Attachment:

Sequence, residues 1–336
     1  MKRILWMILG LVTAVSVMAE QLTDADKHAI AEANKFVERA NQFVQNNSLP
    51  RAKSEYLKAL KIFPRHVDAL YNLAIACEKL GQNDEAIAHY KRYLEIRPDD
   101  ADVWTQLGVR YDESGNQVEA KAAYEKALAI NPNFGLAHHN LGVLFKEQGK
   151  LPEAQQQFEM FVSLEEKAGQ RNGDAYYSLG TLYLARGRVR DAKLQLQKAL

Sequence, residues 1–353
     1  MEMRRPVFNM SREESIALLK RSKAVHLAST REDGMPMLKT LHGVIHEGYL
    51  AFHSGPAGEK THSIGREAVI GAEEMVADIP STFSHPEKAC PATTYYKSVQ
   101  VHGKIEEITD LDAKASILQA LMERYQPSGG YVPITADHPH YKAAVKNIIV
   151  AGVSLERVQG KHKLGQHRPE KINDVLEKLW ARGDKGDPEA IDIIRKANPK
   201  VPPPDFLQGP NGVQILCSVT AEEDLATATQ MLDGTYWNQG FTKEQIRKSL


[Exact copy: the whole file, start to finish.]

Sequence, residues 1–336
     1  MKRILWMILG LVTAVSVMAE QLTDADKHAI AEANKFVERA NQFVQNNSLP
    51  RAKSEYLKAL KIFPRHVDAL YNLAIACEKL GQNDEAIAHY KRYLEIRPDD
   101  ADVWTQLGVR YDESGNQVEA KAAYEKALAI NPNFGLAHHN LGVLFKEQGK
   151  LPEAQQQFEM FVSLEEKAGQ RNGDAYYSLG TLYLARGRVR DAKLQLQKAL

Sequence, residues 1–353
     1  MEMRRPVFNM SREESIALLK RSKAVHLAST REDGMPMLKT LHGVIHEGYL
    51  AFHSGPAGEK THSIGREAVI GAEEMVADIP STFSHPEKAC PATTYYKSVQ
   101  VHGKIEEITD LDAKASILQA LMERYQPSGG YVPITADHPH YKAAVKNIIV
   151  AGVSLERVQG KHKLGQHRPE KINDVLEKLW ARGDKGDPEA IDIIRKANPK
   201  VPPPDFLQGP NGVQILCSVT AEEDLATATQ MLDGTYWNQG FTKEQIRKSL